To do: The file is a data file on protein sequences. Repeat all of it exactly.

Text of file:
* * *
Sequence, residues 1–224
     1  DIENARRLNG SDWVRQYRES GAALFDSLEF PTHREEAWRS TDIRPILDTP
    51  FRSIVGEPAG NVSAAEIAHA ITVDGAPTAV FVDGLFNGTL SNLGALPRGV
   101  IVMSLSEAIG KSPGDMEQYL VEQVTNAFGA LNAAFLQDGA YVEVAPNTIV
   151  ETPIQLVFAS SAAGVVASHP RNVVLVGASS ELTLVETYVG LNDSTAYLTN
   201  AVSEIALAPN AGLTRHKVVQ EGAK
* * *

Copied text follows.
Sequence, residues 1–224
     1  DIENARRLNG SDWVRQYRES GAALFDSLEF PTHREEAWRS TDIRPILDTP
    51  FRSIVGEPAG NVSAAEIAHA ITVDGAPTAV FVDGLFNGTL SNLGALPRGV
   101  IVMSLSEAIG KSPGDMEQYL VEQVTNAFGA LNAAFLQDGA YVEVAPNTIV
   151  ETPIQLVFAS SAAGVVASHP RNVVLVGASS ELTLVETYVG LNDSTAYLTN
   201  AVSEIALAPN AGLTRHKVVQ EGAK